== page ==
The cuts absolutely should be made but they don't represent a sincere attempt to solve our budget/deficit crisis. It's comparable to saying that he is going to help solve pollution of the world's oceans by refraining from peeing in them.

 

We need the cuts in military spending and entitlement programs.

 

 

 

It would take an enormous level of courage/political suicide to accomplish what any president needs to accomplish in terms of cuts to spending, entitlement programs and deficit reduction through taxes. Nobody in this country wants to sacrifice. I wonder if I asked Orlando Rays if he would be on board with tax increase and military spending reduction in exchange for entitlement program reduction, how he would react. I've asked a few conservatives this, and they usually say absolutely not.

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His overall point isn't that clear to me but I think he was commenting on the political gimmick these discretionary spending cuts represent.

 

The cuts absolutely should be made but they don't represent a sincere attempt to solve our budget/deficit crisis. It's comparable to saying that he is going to help solve pollution of the world's oceans by refraining from peeing in them.

 

We need the cuts in military spending and entitlement programs.

 

 

 

It would take an enormous level of courage/political suicide to accomplish what any president needs to accomplish in terms of cuts to spending, entitlement programs and deficit reduction through taxes. Nobody in this country wants to sacrifice. I wonder if I asked Orlando Rays if he would be on board with tax increase and military spending reduction in exchange for entitlement program reduction, how he would react. I've asked a few conservatives this, and they usually say absolutely not.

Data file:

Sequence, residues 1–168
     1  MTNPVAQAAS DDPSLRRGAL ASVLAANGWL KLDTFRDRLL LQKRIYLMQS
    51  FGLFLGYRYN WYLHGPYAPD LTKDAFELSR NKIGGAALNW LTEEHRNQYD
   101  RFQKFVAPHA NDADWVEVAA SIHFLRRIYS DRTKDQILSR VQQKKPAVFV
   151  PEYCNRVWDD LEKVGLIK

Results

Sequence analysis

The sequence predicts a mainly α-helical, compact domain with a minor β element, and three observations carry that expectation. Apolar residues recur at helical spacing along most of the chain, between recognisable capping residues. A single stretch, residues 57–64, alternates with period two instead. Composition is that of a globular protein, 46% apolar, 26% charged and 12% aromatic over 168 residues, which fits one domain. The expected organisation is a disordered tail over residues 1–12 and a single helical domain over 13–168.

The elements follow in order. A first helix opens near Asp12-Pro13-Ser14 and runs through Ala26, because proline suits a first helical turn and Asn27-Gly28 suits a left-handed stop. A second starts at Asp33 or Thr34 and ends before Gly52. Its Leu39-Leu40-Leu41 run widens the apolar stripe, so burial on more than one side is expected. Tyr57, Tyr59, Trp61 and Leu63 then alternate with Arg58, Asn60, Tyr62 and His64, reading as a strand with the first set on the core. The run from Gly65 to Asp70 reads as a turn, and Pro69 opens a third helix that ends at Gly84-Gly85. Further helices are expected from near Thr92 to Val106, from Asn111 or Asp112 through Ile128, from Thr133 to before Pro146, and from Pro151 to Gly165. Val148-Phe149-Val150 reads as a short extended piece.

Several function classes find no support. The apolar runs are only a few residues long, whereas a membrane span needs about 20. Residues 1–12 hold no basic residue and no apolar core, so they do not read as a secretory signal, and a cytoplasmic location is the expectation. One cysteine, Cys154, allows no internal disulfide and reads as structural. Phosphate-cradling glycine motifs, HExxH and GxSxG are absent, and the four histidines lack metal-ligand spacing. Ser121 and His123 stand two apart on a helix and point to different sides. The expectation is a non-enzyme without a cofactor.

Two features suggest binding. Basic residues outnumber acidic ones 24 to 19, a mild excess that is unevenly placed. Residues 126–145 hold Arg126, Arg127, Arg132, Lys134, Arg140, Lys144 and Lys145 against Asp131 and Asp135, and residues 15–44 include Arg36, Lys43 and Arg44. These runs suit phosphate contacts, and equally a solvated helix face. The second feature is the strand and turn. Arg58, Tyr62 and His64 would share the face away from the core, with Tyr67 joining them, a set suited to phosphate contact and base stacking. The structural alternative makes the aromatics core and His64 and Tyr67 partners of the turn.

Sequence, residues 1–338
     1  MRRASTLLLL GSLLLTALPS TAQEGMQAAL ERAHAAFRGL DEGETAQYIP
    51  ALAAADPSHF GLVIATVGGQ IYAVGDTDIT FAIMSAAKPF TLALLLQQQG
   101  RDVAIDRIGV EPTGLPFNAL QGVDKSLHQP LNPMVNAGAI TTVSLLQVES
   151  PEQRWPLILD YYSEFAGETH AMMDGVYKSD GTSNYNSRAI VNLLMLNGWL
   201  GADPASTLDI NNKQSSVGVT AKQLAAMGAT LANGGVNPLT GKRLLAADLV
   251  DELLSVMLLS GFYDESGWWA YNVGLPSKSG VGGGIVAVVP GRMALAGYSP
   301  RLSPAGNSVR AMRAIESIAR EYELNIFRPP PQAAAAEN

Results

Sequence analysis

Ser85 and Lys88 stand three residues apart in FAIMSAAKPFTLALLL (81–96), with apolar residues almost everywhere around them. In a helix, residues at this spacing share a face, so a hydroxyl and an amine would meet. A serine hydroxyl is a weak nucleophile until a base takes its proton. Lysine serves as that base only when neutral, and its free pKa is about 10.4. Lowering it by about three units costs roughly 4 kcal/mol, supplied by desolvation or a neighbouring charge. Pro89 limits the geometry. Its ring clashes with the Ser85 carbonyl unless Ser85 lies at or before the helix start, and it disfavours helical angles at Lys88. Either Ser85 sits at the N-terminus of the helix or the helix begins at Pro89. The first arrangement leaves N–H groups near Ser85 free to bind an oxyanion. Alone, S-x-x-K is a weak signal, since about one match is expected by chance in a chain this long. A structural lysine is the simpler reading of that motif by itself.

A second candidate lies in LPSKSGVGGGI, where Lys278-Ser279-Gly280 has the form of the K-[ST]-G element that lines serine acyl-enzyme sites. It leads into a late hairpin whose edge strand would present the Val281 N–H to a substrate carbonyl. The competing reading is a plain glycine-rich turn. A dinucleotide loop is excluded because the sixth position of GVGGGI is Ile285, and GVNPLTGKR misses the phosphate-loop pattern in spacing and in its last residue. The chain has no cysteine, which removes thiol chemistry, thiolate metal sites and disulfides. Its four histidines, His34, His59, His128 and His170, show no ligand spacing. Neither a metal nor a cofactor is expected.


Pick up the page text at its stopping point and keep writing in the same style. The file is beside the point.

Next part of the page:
How much are we talking about taking out of entitlement spending? And what portions of defense would be we cutting? Though tax increases would not cut the deficit in anything other than the short term as the economy needs to grow to increase government revenue so I would generally not be in favor of such.

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It hasn't made any headlines, but Obama has been making some major changes with NASA that puts some of these spending gimmicks into context.

 

He has cancelled the "Constellation" program, which was created under Bush as part of his "Vision for Space Exploration." By cancelling this program, Obama ceased funding for lunar landing missions as well as development for the space vehicles that will replace the Space Shuttle (the entire fleet is supposed to be retired this year). This would open the door for the private sector to build manned spacecraft while the US relies upon the Russians to send astronauts to the International Space Station.

 

I agreed with Obama's decisions on this until I found out that he would actually be giving NASA a several billion dollar budget increase. Remember that these discretionary spending freezes would not kick in until 2011, which gives him ample time to fatten the budget (like he's doing with NASA) or with similar projects that he calls "stimulus." In other words, even if he does freeze the spending, the spending levels will be frozen at a level much higher than they should be.